Getting enough protein from your meals and snacks is a great way to feel full for longer and maintain muscle mass. Here’s how to boost your protein through everyday foods.
It’s recommended that between 15—25 per cent of our energy (kilojoule/calorie) intake is from protein.
For an average 8700kJ day that’s between 78—130g of protein. Both protein and fibre add to that feeling of fullness (satiety). So while most of us get an adequate amount of protein in our diets overall, including protein foods in each meal and snack during the day will help us feel full for longer. When we feel full we’re less likely to be tempted by high-kilojoule foods, like cakes and confectionery, that may beckon.
For snacks, a food with around 4g protein or more is a good starting point when we need something sustaining. After resistance training, a carbohydrate and protein snack can help repair and build muscle. But there’s no reason to overdo the protein, as any excess will simply be used as an energy source; try a tablespoon of peanut butter on a slice of grainy bread, which provides 8g protein and 660kJ.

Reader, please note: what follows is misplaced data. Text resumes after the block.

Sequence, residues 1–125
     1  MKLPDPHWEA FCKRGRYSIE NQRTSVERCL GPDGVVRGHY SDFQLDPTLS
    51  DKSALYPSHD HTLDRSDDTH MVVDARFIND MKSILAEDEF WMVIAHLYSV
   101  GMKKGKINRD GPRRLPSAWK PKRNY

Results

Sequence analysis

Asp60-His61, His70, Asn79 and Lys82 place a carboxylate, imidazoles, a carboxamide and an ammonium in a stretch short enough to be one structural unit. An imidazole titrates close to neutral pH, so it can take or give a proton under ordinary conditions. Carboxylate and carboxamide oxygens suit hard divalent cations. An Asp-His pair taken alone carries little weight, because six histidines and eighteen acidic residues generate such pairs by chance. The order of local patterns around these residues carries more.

For meat eaters, meat and fish provide high amounts of protein (around 26—36g per 150g), but we don’t need to rely on just animal foods. As we know, a varied diet rich in plant-derived foods is a healthy diet.
Many vegetarian protein sources don’t contain the full range of amino acids (which make up protein) that we need. But that’s easily solved by eating from a range of protein sources over the course of the day, such as legumes, grains, dairy products, tofu, nuts and seeds.
Where to find protein
Spaghetti with tomato, chickpeas, rocket and feta (pictured at top)
Article sources and references
- Biolo G et al. 1997. An abundant supply of amino acids enhances the metabolic effect of exercise on muscle protein. American Journal of Physiology 273:E122-9https://pubmed.ncbi.nlm.nih.gov/9252488/
- Ministry of Health. 2015. Eating and Activity Guidelines for New Zealand Adults. Wellington: Ministry of Healthhttps://www.health.govt.nz/publication/eating-and-activity-guidelines-new-zealand-adults